Jus When You Thought It Was Safe To Go Back In The Surgery by Valerie Laws
'A terrific book. Laws has crafted a very creepy, very haunting mystery tale. THE OPERATOR does for going to the doctor, what JAWS did for going to the beach. Trust me, you’ll never feel the same way about disrobing and lying on an examination table. You’re warned!' Phoef Sutton
My new crime novel and twelfth book, THE OPERATOR, the second Erica Bruce and DI Will Bennett thriller, is launching in paperback this month, (LAUNCH DETAILS below) having been available on Kindle since Autumn 2013, and this is the front cover, with one addition. I’m thrilled to have been able to add to the fab comment from Ann Cleeves (new 'Vera' novel HARBOUR STREET), an extract from the above quote by
|Where everybody knows your 'Norm!'|
|'This might hurt - A LOT!'|
When I was in hospital for months after the accident back in the mid-80s, older people in particular didn’t question ‘the Doctor’ but tended to passively accept decisions and take medication without asking what it was and why they were given it. Doctors, Surgeons and other professional medics were gate-keepers of medical knowledge. Nowadays, most of us go to a doctor already armed with all the knowledge we can glean from the internet, probably already knowing what we’ve got, with the information to help us judge the opinion we get and the treatments we are offered - we can make an actual
|This Doctor really does know best|
|Gatekeeper worth preserving|
others do? None of the arguments hold water: yes there are badly edited, badly written self-pub books, but there are some awful books put out by big publishers, quotations from which some of us have great fun mocking on Facebook. Plenty of self-pub books are top quality, and if even badly written books sell enough they may well be snapped up by publishers.
CAULDSTANE is just out on Kindle, to a rush of buying from her myriads of eager fans) sell well because readers love them, though publishers may feel they don’t fit particular arbitrarily and narrowly defined genres tightly enough. Genres which are happily crossed and mixed in commercial movies: the public seem to cope with that.
There is sometimes an apparent fear of a kind of imagined insane uncontrolled flood of books sweeping over the market which haven’t been through an agent or publisher, or even an editor, as if this will somehow damage books and reading for everyone - even though the big publishers still have the advantage of money and clout to get their publicity out and get reviews in the mainstream media. It reminds me of some of the religious right in the US arguing against gay people being allowed to marry because it will ‘spoil’ marriage for straight people. Straight people who marry for love seem to have been managing so far despite others marrying for money, or a green card, or a big wedding, or family pressure or a shotgun to the goolies. Even in the UK, one of the UKippers recently blamed actual flooding on LBGT rights. It seems logic is washed away when some fear 'flooding' by happy gay couples, immigrants, or self-published books.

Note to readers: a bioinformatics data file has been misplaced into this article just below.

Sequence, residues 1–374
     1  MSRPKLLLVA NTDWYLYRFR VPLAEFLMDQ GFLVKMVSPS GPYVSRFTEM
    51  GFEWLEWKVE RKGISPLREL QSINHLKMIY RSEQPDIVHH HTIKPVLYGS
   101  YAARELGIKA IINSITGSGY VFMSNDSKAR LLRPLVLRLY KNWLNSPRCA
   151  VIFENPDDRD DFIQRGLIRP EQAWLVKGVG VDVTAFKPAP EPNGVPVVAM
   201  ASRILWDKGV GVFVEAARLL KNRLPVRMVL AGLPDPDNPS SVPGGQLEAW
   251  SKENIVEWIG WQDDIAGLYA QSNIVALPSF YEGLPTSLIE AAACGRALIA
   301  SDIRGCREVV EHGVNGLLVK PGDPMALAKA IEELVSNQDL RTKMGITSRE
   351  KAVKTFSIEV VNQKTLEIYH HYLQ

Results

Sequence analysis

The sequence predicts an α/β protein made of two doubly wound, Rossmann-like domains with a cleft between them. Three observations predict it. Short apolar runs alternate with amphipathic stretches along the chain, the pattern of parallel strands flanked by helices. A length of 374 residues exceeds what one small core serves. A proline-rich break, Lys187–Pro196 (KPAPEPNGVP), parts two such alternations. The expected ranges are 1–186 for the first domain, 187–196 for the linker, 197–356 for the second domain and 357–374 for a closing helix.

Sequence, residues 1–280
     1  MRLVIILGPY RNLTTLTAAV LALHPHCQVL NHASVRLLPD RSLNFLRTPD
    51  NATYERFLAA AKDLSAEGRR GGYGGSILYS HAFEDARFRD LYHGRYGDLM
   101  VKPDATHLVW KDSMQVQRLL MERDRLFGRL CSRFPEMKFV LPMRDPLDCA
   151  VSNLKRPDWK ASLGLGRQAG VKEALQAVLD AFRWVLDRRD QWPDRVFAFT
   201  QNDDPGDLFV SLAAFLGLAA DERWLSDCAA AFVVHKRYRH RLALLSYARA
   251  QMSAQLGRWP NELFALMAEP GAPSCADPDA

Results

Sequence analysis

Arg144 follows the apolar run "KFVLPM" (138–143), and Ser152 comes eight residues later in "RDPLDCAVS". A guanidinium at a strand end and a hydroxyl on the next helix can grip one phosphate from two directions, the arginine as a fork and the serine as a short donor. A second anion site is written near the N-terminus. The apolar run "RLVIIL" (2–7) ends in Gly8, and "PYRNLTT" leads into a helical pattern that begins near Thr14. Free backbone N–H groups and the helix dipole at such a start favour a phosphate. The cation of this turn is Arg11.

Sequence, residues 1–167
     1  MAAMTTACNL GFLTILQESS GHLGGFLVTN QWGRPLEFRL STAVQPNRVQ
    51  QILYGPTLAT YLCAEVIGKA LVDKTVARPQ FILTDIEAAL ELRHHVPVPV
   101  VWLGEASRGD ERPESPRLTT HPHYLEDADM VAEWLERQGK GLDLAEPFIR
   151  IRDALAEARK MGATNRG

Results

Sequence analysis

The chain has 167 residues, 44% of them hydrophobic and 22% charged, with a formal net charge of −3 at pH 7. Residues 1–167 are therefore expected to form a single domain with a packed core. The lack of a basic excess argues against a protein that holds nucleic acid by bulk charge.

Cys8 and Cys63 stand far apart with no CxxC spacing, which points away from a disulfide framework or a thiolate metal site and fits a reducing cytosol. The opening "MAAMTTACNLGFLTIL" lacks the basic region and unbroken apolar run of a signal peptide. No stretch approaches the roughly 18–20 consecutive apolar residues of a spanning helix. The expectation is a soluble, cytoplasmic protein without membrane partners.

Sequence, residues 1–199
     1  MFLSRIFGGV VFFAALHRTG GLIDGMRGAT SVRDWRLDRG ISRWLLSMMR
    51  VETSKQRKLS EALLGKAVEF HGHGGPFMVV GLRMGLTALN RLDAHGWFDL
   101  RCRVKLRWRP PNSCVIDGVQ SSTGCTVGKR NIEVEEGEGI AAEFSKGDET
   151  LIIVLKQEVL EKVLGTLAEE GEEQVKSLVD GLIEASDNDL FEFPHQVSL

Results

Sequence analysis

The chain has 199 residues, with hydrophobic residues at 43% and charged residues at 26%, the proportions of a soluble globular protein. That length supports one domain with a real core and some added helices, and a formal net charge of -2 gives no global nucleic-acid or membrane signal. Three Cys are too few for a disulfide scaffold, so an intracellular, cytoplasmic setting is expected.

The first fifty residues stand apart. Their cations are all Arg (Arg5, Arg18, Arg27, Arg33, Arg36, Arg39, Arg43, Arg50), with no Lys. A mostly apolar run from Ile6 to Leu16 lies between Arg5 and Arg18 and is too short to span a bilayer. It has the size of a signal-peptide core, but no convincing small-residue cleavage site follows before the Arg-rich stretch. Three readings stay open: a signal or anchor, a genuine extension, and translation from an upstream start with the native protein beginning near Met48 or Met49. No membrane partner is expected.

Many of us now combine a mixture of self-publishing and being published by either big, or small independent publishers, and are informed enough to make our own decisions, as readers and as writers. THE OPERATOR is published in paperback by Red Squirrel Press, an independent publisher based in Northumberland which operates without funding, and publishes poetry too, some of it mine.
LAUNCH: I will be taking part in crime festivals and readings so look out for me in your area, and the first launch celebration is at The Lit and Phil, Newcastle upon Tyne, Monday 24th February, 7-9pm, FREE. Do come along if you are in the north east of England that night!
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Paperback will be available from Amazon or from me or www.redsquirrelpress.com
Kindle available on all Amazon platforms. UK US
Good luck with the launch - a bit too far north for me, but hope it goes well!
Most of my reading now is of indies. it has to be something exceptional from the commercial world to attract me. Recent reading: Birds Without Wings (de Bernieres), The Luminaries and Brian Aldis's staggering Helliconia trilogy, just deservedly reissued. All books which SAY SOMETHING WORTHWHILE. A rare quality in traditional publishing now.